Two research teams have reached similar conclusions about the cost-effectiveness of various first-line ART regimens in resource-limited settings. Less toxic drugs may prove cost-effective for many low- and middle-income countries as they consider how to phase out the cheapest and most toxic regimen based on stavudine (d4T), the Eighteenth International AIDS Conference heard on Monday July 19th.
Newly published guidance from the World Health Organization (WHO) recommends that stavudine (d4T) should be phased out wherever possible due to the high rate of possibly irreversible toxicities associated with the drug, such as peripheral neuropathy (nerve damage in the feet and limbs) and lipoatrophy (fat loss in the limbs and face), and the life-threatening toxicity lactic acidosis.
However, countries face a dilemma because d4T-based treatment is markedly cheaper than regimens based on zidovudine (AZT) or tenofovir.
As earlier treatment is now recommended, particularly for pregnant women and people with TB, there is also a need to look for regimens that do not contain nevirapine (NVP), due to the higher risk of liver toxicity in women with CD4 counts above 250 and because of the potential for a negative interaction between nevirapine and the TB drug rifampicin.
Severe toxicity requires switches to more expensive drugs, and may also lead to treatment failure if patients stop taking their drugs due to unacceptable side-effects. There is also some evidence that tenofovir-based regimens are more likely to control HIV in the long term, reducing the risk of virological failure of treatment and the subsequent need to switch to a second-line regimen that may cost up to three times more than first-line treatment.
For all these reasons, WHO now recommends that the preferred regimen is a fixed-dose combination of tenofovir, efavirenz and either 3TC or FTC. This regimen remains substantially more expensive than d4T-based ART, and is likely to remain so due to more complex manufacturing processes.
The Clinton HIV/AIDS Initiative projects that if orders for the combination increase, it will be possible to drive down the price from around US$210 in 2010 to $160 by 2012, but it will be difficult to achieve further reductions after that point.
In comparison, d4T-based treatment costs as little as $84 a year, while AZT-based treatment costs around US$120 to 140 a year.
In order to assess the likely resource needs as a result of the new guidelines, UNAIDS conducted a cost-effectiveness analysis of various ART regimens, using data from Africa in order to look at the relative costs of various regimens.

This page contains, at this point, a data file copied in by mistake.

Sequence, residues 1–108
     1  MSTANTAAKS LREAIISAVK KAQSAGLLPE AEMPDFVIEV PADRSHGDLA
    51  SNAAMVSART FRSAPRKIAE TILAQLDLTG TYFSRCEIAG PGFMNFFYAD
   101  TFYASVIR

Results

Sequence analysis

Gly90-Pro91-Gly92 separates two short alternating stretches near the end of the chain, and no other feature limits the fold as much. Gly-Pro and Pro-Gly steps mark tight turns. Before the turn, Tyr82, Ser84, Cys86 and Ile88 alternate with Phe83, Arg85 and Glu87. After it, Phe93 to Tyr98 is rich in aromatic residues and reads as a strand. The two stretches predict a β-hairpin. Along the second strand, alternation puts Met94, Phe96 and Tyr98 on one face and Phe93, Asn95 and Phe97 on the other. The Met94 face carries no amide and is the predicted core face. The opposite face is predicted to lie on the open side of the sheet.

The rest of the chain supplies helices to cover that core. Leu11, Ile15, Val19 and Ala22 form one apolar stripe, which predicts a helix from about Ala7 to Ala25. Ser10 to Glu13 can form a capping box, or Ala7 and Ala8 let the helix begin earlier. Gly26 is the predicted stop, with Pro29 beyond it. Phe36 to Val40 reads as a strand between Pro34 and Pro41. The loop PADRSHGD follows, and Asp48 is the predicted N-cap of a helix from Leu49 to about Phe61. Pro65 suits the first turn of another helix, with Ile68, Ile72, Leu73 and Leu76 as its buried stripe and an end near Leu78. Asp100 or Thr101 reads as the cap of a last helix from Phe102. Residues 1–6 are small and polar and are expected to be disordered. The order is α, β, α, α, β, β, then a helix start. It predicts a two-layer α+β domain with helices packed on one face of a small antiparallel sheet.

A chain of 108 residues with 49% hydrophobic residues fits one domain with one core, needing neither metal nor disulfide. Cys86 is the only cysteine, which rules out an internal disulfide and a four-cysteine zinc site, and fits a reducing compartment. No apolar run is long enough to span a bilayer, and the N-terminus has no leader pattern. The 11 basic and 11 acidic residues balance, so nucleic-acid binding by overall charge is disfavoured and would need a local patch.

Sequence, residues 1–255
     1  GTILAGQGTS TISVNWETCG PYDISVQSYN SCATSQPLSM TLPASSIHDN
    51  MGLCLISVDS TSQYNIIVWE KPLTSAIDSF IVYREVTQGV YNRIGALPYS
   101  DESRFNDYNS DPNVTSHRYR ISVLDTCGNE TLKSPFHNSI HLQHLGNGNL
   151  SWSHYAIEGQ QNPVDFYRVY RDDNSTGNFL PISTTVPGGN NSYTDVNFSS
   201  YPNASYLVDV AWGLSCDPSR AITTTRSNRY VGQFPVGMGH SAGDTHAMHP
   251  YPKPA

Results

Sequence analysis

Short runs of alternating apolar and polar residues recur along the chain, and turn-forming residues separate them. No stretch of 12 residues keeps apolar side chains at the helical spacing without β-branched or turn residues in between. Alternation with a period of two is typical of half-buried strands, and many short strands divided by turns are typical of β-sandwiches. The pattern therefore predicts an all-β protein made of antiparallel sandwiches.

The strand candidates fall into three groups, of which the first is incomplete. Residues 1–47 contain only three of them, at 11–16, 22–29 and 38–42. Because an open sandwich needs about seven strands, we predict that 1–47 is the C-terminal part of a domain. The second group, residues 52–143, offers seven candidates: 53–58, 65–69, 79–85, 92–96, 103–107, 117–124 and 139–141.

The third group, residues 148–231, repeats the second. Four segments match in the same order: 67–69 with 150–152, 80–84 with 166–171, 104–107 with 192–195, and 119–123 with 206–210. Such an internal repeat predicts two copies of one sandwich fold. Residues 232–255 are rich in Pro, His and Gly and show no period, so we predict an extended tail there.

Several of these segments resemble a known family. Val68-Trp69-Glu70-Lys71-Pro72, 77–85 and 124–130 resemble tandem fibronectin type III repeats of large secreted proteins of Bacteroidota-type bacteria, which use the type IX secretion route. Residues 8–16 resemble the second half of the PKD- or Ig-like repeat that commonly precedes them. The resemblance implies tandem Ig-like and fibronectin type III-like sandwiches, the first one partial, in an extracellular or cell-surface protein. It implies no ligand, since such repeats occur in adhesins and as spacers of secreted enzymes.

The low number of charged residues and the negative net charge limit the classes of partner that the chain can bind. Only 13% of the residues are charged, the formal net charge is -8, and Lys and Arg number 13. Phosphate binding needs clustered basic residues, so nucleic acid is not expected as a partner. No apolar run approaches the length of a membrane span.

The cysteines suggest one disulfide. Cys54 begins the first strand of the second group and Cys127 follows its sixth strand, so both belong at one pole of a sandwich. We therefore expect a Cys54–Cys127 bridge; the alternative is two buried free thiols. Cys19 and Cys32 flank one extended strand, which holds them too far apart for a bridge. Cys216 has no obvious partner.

UNAIDS modeled the cost-effectiveness of various regimens in a cohort of 10,000 notional patients over ten years, using data from existing African cohorts to inform estimates of effectiveness and retention, with conservative assumptions about survival after starting ART ((5.3 to 8.7 years).
The UNAIDS researchers noted that the discounted cost per quality-adjusted life year gained (QALY) for all three of their regimens – US$618 for d4T/3TC/NVP, US$641 for AZT/3TC/NVP and US$727 for TDF/3TC/NVP – were well below sub-Saharan Africa’s US$1695 GDP per capita, and therefore very affordable under WHO criteria for cost-effectiveness.
They highlighted the cost-effectiveness of nevirapine/zidovudine/lamivudine (NVP/AZT/3TC) and nevirapine/tenofovir/lamivudine (NVP/TDF/3TC) compared to nevirapine/stavudine/lamivudine (NVP/d4T/3TC). The two superior regimens had incremental cost-effectiveness ratios of US$1170 and US$1520, respectively. (The incremental cost-effectiveness ratio indicates the additional amount of money needed to buy the same outcome in terms of quality-adjusted years of life.)
They also observed that even small reductions in the prices of some drugs would facilitate the use of more effective ART regimens.
Another group of researchers from Stanford University, assessing treatment in South Africa, performed cost-effectiveness analyses of those three regimens along with efavirenz/zidovudine/lamivudine (EFV/AZT/3TC) and efavirenz/tenofovir/lamivudine (EFV/TDF/3TC).
They concluded that NVP/d4T/3TC, the most commonly dispensed regimen in South Africa, is distinctly inferior to NVP/AZT/3TC from a cost-effectiveness standpoint.
In the South African study, NVP/TDF/3TC was associated with considerably better health outcomes at a cost of US$1045 per quality-adjusted life year (QALY) gained in relation to NVP/AZT/3TC.
The South African study indicated that EFV/TDF/3TC, which was associated with the best survival, fewest opportunistic diseases and least regimen-switching, had an incremental cost-effectiveness ratio of US$5950 per QALY gained in comparison to NVP/TDF/3TC. Lowering the cost of EFV to $67 annually, the researchers suggested, would make EFV/TDF/3TC a cost-saving option.
Grujovic A et al. Cost-effectiveness analysis of first-line ART regimens for the treatment of HIV-infected patients in resource-limited settings. 18th International AIDS Conference, Vienna, abstract MOAE0404, 2010.
Eran Bendavid's presentation and abstract are available on the official conference website.
Bendavid et al. Cost-effectiveness of World Health Organization first-line HIV treatment guidelines in Africa. 18th International AIDS Conference, Vienna, abstract MOAE0403, 2010.